Haisan plans to manage Beijing food storage ops


COLD storage logistics specialist Haisan Resources Bhd will begin discussions with Walls China, the ice-cream and confectionary division of Unilever, at the end of this month on the possibility of taking over storage operations of dry and temperature-controlled food in Beijing, said managing director Ong Chin Yet.  

The discussion is expected to materialise in three to six months if “the terms are agreeable”, according to Ong.  

If granted the contract by Walls China, the possible investment that Haisan is looking at is 5,000 pallets for temperature-controlled food and 4,000 pallets for dry warehouse in Beijing. (One pallet is equivalent to one tonne).  

Ong Chin Yet

Ong told StarBiz in an interview in Port Klang that Walls China had even approached Haisan on the possibility of managing the storage of its ice cream products in Shanghai and Wuhan.  

“At the moment, we are taking things one step at a time,” he said, adding that it was crucial to evaluate all terms and conditions set forth and the business cultures in different states.  

Haisan set up operations in Guangzhou, China, early this year by incorporating a wholly-owned subsidiary Iglo (Guangzhou) Co Ltd when Walls China awarded a five-year contract to Haisan to manage its ice cream products for total temperature-controlled logistics services. The Guangzhou plant began its operations in March.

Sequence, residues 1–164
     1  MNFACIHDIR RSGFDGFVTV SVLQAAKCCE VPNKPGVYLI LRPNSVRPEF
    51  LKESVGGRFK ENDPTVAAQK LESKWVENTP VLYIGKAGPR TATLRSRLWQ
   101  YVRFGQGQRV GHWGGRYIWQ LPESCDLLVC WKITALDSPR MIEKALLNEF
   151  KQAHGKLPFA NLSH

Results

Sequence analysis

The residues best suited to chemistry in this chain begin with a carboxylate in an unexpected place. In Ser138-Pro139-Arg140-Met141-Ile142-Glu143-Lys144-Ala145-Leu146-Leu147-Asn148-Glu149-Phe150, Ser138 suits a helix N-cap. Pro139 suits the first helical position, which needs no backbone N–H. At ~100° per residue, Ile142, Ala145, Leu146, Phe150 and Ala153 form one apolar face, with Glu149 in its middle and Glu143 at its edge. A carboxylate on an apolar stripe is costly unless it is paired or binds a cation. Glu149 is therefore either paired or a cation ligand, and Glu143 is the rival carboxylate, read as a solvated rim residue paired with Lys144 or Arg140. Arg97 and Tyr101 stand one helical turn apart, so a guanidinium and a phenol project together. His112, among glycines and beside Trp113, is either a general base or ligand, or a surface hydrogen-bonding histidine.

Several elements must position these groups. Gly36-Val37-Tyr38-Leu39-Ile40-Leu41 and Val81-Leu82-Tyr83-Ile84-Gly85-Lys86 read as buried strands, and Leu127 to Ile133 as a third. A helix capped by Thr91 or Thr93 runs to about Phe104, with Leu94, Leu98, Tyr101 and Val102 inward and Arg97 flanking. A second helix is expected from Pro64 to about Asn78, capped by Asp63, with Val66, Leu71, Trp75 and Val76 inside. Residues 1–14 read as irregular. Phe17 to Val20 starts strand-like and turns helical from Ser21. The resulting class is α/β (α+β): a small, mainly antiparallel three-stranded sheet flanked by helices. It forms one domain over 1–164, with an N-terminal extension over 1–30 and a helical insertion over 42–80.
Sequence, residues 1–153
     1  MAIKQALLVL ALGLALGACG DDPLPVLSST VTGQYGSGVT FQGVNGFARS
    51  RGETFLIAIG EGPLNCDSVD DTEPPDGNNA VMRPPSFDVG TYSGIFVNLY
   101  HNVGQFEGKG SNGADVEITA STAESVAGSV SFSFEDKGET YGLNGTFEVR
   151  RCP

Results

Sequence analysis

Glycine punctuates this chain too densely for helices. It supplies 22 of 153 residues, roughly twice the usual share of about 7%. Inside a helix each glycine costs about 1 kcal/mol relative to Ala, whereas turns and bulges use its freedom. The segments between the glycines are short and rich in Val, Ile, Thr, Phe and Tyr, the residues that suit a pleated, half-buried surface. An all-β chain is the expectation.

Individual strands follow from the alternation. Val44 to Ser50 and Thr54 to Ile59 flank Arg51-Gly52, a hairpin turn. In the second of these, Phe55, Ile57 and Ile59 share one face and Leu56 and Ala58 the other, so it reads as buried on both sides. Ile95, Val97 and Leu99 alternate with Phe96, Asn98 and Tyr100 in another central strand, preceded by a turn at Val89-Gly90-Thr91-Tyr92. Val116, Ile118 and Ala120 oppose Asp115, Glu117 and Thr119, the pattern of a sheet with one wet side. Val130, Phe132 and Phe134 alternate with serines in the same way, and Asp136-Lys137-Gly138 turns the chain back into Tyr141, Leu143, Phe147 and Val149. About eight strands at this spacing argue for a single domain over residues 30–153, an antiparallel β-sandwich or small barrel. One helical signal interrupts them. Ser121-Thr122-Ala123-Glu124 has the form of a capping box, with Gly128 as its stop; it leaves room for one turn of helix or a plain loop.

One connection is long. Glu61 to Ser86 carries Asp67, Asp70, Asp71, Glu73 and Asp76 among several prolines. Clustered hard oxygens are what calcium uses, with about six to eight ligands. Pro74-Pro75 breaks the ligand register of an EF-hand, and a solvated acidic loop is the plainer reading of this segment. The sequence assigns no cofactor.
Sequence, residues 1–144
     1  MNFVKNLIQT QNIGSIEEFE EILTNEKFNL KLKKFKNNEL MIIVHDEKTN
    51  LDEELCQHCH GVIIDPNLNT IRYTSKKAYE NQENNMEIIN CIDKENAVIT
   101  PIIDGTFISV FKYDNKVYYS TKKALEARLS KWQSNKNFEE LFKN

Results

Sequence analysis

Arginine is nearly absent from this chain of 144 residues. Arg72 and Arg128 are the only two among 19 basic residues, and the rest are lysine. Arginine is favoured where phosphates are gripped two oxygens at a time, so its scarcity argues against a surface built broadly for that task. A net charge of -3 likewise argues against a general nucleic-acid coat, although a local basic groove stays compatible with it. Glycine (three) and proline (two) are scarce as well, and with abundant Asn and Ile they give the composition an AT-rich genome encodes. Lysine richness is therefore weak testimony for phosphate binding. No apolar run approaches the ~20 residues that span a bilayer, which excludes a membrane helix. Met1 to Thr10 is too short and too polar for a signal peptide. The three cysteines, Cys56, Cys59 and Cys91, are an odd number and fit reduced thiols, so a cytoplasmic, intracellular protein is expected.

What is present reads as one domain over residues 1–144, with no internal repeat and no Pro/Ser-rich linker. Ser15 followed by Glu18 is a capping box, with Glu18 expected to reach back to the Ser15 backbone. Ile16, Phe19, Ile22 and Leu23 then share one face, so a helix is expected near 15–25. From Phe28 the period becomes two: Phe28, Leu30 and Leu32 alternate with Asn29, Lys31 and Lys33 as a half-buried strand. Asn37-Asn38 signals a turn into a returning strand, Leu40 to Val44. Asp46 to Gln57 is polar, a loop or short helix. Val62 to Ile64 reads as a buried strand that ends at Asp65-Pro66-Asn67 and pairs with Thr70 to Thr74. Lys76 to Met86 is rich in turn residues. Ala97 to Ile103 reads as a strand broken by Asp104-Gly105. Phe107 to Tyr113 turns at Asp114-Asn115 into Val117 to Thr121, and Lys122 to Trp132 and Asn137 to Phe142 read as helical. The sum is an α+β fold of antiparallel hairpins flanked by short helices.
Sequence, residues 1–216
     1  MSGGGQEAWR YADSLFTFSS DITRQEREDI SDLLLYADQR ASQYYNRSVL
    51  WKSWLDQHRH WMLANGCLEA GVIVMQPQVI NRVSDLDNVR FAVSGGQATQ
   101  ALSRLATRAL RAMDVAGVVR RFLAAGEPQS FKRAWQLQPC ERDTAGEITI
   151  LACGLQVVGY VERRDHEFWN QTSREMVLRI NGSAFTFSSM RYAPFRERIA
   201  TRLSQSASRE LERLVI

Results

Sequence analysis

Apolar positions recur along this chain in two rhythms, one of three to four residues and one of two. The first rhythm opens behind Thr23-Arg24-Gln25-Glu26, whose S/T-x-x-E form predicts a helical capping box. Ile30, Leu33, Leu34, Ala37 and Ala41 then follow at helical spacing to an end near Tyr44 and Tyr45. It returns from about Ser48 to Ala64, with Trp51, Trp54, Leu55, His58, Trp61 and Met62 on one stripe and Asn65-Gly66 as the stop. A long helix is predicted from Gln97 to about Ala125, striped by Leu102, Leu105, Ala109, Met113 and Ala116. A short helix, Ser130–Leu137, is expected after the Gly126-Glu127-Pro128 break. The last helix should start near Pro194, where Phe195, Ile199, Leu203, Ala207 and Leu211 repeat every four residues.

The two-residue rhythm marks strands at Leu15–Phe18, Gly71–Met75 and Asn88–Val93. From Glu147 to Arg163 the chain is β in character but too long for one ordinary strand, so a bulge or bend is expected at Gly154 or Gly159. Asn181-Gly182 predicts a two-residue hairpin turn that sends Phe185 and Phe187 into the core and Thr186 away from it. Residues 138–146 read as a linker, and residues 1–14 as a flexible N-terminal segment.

Haisan has since invested RM9mil to acquire the land, plant and equipment in Guangzhou. It has completed phase one of its plant there, comprising 1,700 pallets, with a 95% to 98% take-up rate by Walls China. 

Ong said he was expected to pump in RM10mil on phase two to build an additional 4, 000 to 5,000 pallets. This phase is expected to be completed by the second quarter next year. 

The expansion is due to Haisan's strategic plans to source for opportunities to manage temperature-controlled logistics for multinationals involved in the food industry in Guangzhou.  

Ong said he was currently in early discussions with a few fast-food players.  

He said to stay ahead of competition, Haisan's focus was to invest in new technology by providing a total food supply chain value to his customers. “It would mean utilising technology on better ways to inform our customers on the status of their logistics.” 

Ong is bullish on his prospects in China due to the country's 1.28 billion population, which will give Haisan a strong base for its logistics business. China's gross domestic product in the first half of this year grew 8.2%.  

He said the pick-up in outsourcing trend would provide ample opportunities for Haisan.  

The global value of third-party logistics is projected to reach US$100bil this year, according to a report by research and consultancy house McKinsey & Co. 

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